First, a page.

In its first 70-odd days of operation, the city’s new employee medical clinic, officially the Health and Wellness Center, has seen more than 1,000 patients, filled almost 2,500 prescriptions and performed more than 3,700 lab tests.
All at no cost to the patients, beyond their insurance premiums.
Allison Judge, chief executive officer of TransformHealthRX, the company contracted to operate the clinic, said this week that the clinic’s opening has been well received by employees.
“I visit the center often and I always talk to patients. One thing I always her them say is that we’ve saved them money out of their pocket.” Judge said.
Judge said in the early days of the center’s operation there have been some longer waiting times for some patients, but that is a symptom of all the patients being new patients and must spend some time giving the staff their medical history.
“In some instances there has been some wait time,” she said. “But by and large when looking at patient satisfaction surveys and by far a very small percentage rated lower than a 10 on wait times.”
The company calls practically all patients who have used the clinic and ask about 10 questions about the service. Those surveys are compiled and sent to the Consolidated Government, she said.
“That report has not been doctored or sanitized in any way, you’re getting the good, the bad and the ugly,” she said. “If a patient says something, we’re writing it down and giving you the information.”
Councilor Judy Thomas questioned whether the city is really getting an accurate reflection of employee satisfaction.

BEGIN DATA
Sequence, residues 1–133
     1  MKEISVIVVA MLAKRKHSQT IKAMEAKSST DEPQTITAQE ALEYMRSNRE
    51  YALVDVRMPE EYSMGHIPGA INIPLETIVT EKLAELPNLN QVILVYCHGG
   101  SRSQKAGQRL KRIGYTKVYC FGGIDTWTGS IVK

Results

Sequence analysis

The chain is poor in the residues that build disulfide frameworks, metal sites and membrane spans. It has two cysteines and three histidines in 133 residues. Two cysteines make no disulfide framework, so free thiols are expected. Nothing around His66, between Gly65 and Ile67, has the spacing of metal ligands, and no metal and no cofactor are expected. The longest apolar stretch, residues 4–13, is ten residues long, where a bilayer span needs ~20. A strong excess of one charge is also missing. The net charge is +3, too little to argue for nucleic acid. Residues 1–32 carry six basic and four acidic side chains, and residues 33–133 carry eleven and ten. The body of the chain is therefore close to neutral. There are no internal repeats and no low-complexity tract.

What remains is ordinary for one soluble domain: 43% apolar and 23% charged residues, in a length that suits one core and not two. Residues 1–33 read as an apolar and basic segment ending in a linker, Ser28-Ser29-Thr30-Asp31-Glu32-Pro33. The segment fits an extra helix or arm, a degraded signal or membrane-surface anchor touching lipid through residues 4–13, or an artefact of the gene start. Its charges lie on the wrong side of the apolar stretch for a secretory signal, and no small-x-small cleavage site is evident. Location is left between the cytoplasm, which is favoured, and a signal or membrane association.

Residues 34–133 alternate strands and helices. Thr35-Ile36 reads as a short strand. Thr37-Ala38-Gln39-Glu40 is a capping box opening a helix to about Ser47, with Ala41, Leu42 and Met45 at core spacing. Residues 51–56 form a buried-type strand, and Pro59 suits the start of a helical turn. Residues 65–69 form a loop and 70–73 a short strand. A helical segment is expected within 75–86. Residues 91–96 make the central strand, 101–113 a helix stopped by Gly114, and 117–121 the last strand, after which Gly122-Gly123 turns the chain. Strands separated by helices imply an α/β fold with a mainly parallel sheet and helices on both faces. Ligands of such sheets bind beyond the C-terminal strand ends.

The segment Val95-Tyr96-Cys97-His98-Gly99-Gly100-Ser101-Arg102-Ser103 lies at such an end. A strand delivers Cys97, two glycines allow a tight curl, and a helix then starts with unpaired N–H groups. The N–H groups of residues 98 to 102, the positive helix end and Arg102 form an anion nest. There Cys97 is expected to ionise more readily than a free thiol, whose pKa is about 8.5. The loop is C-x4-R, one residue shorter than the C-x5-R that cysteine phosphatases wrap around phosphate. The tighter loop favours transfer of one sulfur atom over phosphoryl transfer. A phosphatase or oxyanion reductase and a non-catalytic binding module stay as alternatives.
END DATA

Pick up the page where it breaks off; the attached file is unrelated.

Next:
“The surveys that I have received almost without exception have been very positive,” Thomas said. “So if there have been any negative comments, we’re not getting those.”
Even though the comments are gathered by telephone from Statesboro, Ga., Thomas suggested that if employees were able to give their comments anonymously, “they might be a little more forthcoming.”
Councilor Bruce Huff said he has heard a few complaints from employees, but not about the clinic. They said some city supervisors would not let workers leave work for clinic appointments.
City Manager Isaiah Hugley said he had not heard any such reports, but said city employees should be allowed to leave work for appointments, and not have their pay docked for the time away. Hugley said he would investigate the complaints Huff brought forward and make sure employees could leave for appointments.
Several city employees appeared before Columbus Council Tuesday to give testimonials about the center. One, Community Investment Director Amy Carbajal said she recently came to the Consolidated Government from a similar position in Florida, and Columbus’ benefits package and the availability of the clinic have saved her family a lot of money.
“We signed on right away and had two appointments in the first two months,” she said. “Between the appointments and prescriptions, we saved over $200.”
Currently a little more than 500 of the city’s approximately 3,000 employees have signed up for the center, opting instead for more traditional HMO or PPO insurance coverage. But the premiums and co-pays for those coverage plans could be going up, as has been the case in the private sector.
The administration brought a proposal to implement the increases to Columbus Council on Tuesday, and the plan was not embraced by councilors. But because health care costs are expected to exceed the amount budgeted by the city by about $2 million this year, even those councilors opposed to the plan proposed Tuesday said they realizewd the status quo if not a viable option.
The proposed plan called for premiums for those who opt for the clinic would not increase. City officials have said they hope that will motivate more employees to take that option.